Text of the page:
Archive for the 'disabled' Category


is normal valuable?

is normal valuableWhat is normal?  And can one who is deemed not normal by society, live a fulfilling life?

Today in my one class we watched a documentary about a young couple getting married.  Nothing too out of the ordinary there, right?  But in this case, both the husband and wife have Down syndrome.  Though they struggle with living a fully dependent life, they overcome stigma associated with their condition.

What struck me most about this couple is their love.  We could learn so much from them by how they love.  I’m not talking just about their love for one another, but the great love and affection they show for everyone in their lives.  They have such patience, gentility and collaboration skills.  So why are they considered not “normal” by society when they possess these exceptional skills and capacity which many “normal” people seem to be lacking or incapable?

It’s all about what we value in society.  If you possess what is valued, then you are considered “normal.”  But if you don’t measure up, then you are pushed outside of the gold circle.  Do we value the capacity of loving greater than that of making money?  Obviously not, since money is considered the standard by which we measure success.  Yet most everyone would admit that love is priceless.

Do we even recognize what and how we give value to people and things in our society?  Perhaps if we thought more about it, we’d find that what we consider “normal” isn’t something to value at all.

For more information on the documentary called Monica and David see link below (clips also on You tube):


reality check

reality checkWhat does it mean to be disabled?  Who are the disabled?  Too often they are the invisible in our society; hidden away and unable to participate in “everyday life” activities.  Why?  Because they are labeled disabled or because we have created a society which does not allow them to participate in a “normal” life?

Since my dog’s leg amputation, we needed to acquire a special body harness for her in order to assist her up the stairs to our second floor apartment.  She walks very well, but because she cannot walk upstairs on her own, she would most likely be labeled as disabled.  This disability does not become the problem of my landlord to modify the architecture of our building in order to accommodate my dog’s needs nor the responsibility of society.  This is a private matter which solely falls upon her family.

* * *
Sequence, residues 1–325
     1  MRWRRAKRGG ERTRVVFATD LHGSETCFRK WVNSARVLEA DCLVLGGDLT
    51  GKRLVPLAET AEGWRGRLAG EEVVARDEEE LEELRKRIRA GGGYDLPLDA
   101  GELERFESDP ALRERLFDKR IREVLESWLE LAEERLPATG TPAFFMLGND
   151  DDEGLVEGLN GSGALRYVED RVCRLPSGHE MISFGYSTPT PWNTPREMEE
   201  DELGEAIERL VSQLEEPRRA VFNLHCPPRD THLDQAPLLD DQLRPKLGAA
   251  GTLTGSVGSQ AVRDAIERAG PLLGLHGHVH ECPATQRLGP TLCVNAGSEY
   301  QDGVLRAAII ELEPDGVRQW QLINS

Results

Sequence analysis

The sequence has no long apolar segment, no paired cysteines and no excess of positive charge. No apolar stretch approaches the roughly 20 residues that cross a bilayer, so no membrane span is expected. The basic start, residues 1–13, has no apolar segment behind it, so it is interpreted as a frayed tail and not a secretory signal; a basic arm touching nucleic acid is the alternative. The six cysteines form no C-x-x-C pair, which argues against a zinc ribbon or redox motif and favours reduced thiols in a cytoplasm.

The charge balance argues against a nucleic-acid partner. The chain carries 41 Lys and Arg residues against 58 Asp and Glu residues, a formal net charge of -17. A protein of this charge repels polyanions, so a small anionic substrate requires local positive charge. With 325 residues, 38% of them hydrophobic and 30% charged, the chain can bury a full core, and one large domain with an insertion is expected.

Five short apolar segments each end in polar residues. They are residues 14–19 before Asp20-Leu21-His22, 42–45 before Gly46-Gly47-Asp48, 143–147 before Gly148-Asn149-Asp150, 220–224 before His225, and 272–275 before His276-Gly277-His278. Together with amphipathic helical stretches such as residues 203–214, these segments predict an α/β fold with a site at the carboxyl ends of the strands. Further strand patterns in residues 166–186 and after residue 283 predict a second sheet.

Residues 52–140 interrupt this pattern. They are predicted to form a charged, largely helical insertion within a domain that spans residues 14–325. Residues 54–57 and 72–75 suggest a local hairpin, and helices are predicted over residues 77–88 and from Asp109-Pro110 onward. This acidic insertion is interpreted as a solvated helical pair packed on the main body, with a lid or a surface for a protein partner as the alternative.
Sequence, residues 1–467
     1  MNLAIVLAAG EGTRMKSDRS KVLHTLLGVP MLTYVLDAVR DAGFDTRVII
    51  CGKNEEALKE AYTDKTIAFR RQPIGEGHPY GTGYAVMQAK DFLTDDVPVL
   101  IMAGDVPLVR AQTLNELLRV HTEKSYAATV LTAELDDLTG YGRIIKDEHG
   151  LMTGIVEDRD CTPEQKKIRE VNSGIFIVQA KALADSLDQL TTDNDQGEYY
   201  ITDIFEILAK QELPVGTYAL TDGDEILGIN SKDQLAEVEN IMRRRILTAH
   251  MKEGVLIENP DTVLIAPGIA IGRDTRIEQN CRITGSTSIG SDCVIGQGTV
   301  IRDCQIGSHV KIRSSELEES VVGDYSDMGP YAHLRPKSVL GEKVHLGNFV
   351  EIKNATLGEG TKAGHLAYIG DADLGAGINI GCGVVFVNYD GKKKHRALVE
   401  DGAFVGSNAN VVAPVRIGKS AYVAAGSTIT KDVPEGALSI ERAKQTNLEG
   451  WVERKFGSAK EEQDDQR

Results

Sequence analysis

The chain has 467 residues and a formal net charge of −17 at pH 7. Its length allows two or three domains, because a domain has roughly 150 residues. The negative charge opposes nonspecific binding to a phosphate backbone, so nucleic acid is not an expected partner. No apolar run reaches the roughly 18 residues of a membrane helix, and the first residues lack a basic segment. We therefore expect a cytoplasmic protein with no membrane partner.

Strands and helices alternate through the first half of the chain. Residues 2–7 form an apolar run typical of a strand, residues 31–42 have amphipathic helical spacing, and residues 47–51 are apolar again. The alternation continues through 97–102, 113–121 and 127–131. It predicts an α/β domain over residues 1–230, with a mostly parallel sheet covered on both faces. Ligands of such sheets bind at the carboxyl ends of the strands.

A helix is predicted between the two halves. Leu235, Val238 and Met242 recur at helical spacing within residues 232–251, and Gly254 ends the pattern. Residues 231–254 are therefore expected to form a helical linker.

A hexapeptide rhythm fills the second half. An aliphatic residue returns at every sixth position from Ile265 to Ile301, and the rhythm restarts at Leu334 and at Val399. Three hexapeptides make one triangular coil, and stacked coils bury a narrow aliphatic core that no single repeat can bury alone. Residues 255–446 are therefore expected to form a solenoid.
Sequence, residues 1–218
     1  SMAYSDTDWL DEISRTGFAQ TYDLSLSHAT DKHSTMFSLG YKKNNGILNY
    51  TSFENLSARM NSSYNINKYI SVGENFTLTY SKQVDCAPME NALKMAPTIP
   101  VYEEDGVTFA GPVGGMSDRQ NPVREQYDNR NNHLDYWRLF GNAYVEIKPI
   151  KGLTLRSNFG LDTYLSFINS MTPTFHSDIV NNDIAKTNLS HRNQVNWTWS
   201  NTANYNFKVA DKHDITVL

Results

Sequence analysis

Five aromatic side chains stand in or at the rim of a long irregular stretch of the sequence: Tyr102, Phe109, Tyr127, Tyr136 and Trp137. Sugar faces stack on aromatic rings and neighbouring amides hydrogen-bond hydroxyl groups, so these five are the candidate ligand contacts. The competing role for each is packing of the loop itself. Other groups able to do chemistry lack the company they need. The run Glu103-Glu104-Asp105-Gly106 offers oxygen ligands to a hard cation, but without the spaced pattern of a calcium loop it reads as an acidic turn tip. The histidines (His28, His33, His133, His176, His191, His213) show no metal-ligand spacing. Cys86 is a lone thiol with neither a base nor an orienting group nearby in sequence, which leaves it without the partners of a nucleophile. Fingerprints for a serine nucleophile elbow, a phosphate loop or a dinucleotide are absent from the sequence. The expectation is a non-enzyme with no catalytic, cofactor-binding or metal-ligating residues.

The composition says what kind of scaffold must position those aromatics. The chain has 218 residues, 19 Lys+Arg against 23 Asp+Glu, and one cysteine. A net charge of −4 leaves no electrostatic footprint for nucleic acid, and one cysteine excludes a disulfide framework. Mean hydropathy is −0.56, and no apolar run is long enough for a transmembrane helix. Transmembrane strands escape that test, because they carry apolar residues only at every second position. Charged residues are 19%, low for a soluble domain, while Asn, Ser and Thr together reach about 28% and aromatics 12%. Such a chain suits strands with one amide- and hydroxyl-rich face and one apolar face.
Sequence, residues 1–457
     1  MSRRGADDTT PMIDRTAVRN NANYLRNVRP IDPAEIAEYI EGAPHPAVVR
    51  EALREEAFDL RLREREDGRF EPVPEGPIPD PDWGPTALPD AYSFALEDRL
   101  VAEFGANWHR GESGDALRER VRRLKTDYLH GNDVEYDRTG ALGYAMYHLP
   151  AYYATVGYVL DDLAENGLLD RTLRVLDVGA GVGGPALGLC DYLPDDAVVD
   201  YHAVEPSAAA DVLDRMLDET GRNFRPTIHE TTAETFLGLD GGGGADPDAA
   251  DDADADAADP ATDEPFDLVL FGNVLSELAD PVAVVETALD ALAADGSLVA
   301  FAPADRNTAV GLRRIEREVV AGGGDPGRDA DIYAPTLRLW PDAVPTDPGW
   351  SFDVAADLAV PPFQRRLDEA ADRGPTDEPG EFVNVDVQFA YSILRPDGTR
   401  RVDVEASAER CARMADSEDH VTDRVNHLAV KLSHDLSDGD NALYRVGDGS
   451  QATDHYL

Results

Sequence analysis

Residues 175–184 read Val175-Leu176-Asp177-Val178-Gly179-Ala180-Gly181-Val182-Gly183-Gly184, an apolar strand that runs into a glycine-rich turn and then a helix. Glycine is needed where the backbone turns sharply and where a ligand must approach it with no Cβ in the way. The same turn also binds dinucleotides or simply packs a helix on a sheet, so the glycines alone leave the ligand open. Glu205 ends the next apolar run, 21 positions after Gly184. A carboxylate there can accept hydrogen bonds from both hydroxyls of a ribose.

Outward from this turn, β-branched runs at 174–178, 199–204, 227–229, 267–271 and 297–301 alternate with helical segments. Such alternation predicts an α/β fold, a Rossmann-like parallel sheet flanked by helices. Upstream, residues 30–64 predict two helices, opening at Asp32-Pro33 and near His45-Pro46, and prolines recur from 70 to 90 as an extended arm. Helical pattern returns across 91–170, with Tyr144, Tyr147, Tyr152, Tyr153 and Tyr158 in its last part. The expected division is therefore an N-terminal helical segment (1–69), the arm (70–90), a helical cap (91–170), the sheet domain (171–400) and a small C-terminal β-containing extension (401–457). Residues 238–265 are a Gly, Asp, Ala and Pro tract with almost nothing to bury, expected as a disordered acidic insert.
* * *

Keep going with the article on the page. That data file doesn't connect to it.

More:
According to Susan Wendell’s book, The Rejected Body, disabilities are a result of  “societies that are physically constructed and socially organized with the unacknowledged assumption that everyone is healthy, non-disabled, young but adult, shaped according to cultural ideal, and often male.”  Think of how many people that excludes?  Just look around at your place of work, restaurant, stores and performance expectations for everyday living.  There’s no room or time for anyone who cannot keep up or adapt to the life prescribed by society’s established norm.

So when I take my dog for a walk, I don’t just get comments because she only has three legs, but because she has learned how to adapt to the norm of getting up and walking on her own.  But if she couldn’t do that, would I love her any less?  Would she suddenly be less valuable to me?  Never.  So why don’t we value everyone in our society and embrace a large part of our population who want to and can contribute to it by creating a world which can accommodate those who do not fall under the healthy, non-disabled, young, male adult norm?  Many do not fall into one or more of these categories already or will at some point (we are all getting older every day).  That’s reality.

Let’s face reality.  Let’s love and value one another as human beings.  Let’s build a society where everyone can truly live.